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Old 12-04-2005, 04:51 PM   #1
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Backwire terminals and 12ga wire


Hi Folks - I'd like to run 12ga wire and 20A circuits for a new extension in my house and all I could find in bulk packs at Home Depot are the 15A outlets that will only take 14 or 16ga in the backwire holes.

I'd like to save time doing the outlets and would prefer to use the backwire. Can I get these outlets at a reasonable price in bulk packs? I really only need about 15 or so and individual 20A outlet prices are *quite* expensive at around $5/ea.

Thoughts?

MikeinBurien

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Old 12-04-2005, 05:23 PM   #2
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Backwire terminals and 12ga wire


The big stores (I know Lowes does) carry standard 15 and 20 amp spec grade receptacles in 10 packs. They are about $13 for the pack. I don't know what you are looking at for $5 each.

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Answers based on the 2008 & 2011 NEC.
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Old 12-04-2005, 05:31 PM   #3
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Backwire terminals and 12ga wire


Take the extra time to put the wires on the screws. You'll sleep better (or you would if you knew how often backstabs failed). It may save 2 or 3 minutes each, but as you said, you only have 15 or so. Spend another hour and get it done right.
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Old 12-04-2005, 06:47 PM   #4
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Backwire terminals and 12ga wire


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Originally Posted by jproffer
Take the extra time to put the wires on the screws. You'll sleep better (or you would if you knew how often backstabs failed). It may save 2 or 3 minutes each, but as you said, you only have 15 or so. Spend another hour and get it done right.
Agreed.Using the push tabs or "speed wiring" 90% of the time causes problems down the line.The wire heats up along with the tabs when you put a load on it.This creates the tabs inside to expand and contract with heating and cooling.At some point this leads to loss of tension and poor electrical continuity.Eventually carbon will build up from arcing and the rest of the circut will cease to work.Also the 15 amp plugs will work fine unless you plan to run over 15 amps through one outlet.Also make sure you are not buying the aluminium wire (AL/CU) outlets.That might be why they are so high

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Old 12-04-2005, 09:26 PM   #5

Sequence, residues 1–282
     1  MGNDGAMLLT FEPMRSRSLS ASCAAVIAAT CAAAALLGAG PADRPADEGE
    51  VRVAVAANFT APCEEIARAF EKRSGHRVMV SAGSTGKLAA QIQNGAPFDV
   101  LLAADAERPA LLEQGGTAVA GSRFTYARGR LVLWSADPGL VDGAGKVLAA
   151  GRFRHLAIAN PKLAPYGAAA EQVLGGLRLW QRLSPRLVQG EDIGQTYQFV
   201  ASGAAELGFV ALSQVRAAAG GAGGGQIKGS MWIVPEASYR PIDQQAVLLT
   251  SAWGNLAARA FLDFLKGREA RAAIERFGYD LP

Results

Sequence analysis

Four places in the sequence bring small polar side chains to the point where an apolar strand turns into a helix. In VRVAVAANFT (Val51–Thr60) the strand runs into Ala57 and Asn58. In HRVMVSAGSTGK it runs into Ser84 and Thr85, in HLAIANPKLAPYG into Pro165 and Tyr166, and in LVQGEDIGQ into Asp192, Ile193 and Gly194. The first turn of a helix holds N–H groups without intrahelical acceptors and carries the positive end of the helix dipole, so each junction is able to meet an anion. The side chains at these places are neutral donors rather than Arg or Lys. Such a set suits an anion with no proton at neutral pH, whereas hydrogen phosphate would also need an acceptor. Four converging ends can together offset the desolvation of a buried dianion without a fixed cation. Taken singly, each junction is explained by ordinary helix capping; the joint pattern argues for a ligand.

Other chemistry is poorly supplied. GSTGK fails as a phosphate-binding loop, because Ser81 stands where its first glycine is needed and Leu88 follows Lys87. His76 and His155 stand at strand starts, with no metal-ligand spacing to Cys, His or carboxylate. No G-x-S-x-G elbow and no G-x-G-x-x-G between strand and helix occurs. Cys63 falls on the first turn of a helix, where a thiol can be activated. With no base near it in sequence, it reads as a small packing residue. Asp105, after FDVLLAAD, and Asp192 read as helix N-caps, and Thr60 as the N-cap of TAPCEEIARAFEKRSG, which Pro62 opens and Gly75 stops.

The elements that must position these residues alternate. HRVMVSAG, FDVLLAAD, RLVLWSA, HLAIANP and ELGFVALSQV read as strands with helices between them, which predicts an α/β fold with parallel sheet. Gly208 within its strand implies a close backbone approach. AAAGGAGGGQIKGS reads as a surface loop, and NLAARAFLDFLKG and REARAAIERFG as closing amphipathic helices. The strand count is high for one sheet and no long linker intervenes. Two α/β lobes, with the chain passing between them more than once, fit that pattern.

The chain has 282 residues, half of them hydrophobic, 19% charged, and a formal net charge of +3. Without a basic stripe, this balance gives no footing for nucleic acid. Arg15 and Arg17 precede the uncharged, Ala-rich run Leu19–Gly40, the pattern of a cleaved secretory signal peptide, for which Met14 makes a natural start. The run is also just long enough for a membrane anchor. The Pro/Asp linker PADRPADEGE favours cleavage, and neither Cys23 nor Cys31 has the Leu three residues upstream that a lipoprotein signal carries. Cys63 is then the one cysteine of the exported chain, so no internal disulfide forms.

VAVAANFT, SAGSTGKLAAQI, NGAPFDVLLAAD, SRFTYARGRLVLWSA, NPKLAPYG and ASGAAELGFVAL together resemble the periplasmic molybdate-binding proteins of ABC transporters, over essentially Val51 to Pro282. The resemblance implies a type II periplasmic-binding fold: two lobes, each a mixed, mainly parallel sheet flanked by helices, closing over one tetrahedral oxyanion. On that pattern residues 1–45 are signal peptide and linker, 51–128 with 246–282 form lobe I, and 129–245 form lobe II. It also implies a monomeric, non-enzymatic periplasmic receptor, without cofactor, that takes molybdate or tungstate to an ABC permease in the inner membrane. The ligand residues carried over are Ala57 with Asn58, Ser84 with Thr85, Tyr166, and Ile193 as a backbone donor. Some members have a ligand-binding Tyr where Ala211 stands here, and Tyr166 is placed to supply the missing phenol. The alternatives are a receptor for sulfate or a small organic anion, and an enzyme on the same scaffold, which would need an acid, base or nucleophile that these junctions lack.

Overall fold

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Backwire terminals and 12ga wire


Good advice from all. I did a bit more check and found the 20A outlets for about $3 each at Home Depot, but no pro-pack.

But they sell Leviton "Pro" grade outlets with a backwire solution that is not a simple push in type. You insert the wire into a backwire hole, but you have to screw in the terminal screws to clamp the wire in place which appears to provide lots of surface area for conduction. This seems like a great compromise choice between wiring around the terminal and using a simple pushin in type. They look like really nice outlets.

Unfortunately they didn't have them in 20A outlet size. I'll do a bit more looking around.
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Old 12-04-2005, 10:31 PM   #6
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Backwire terminals and 12ga wire


I have a question...and I'm being genuine here, not smart, even though sometimes I come off as a smart a$$, believe me when I say it's on purpose:D

ANYWAY ...Why are you so stuck on the 20A rec.'s? 15A are fine for most residential applications, and you can put 15A rec's on a 20A breaker as long as you put more than one on each circuit.
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Old 12-04-2005, 10:45 PM   #7
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I'll tell you how i do it on my own stuff even though nobody asked and I'm not even sure if it would be complying today but it is the way a master electrician showed me about 30 years ago. I tie all the 12's together and then pigtail to the device with a piece of 14 and stab it in the back. If the switch or plug goes bad it does not affect the rest of the circuit. And if you feel like changing the device because it is dirty it is an easy swap-out. And you can use 15a devices. And JB told me that the pigtails don't count against box fill. Of course it is not the fastest way to do it. HS
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Old 12-05-2005, 01:55 AM   #8
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Backwire terminals and 12ga wire


Well, that's a good question! I made the leap that if you have a 20A breaker and 12ga wire, then you needed 20A outlets instead of 15A outlets.

If you're saying that I can use 15A outlets on a 20A breaker with 12ga wire, I'm good to go! Especially if I get to use the nicer Leviton Pro grade or spec backwire outlets.
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Old 12-05-2005, 02:04 AM   #9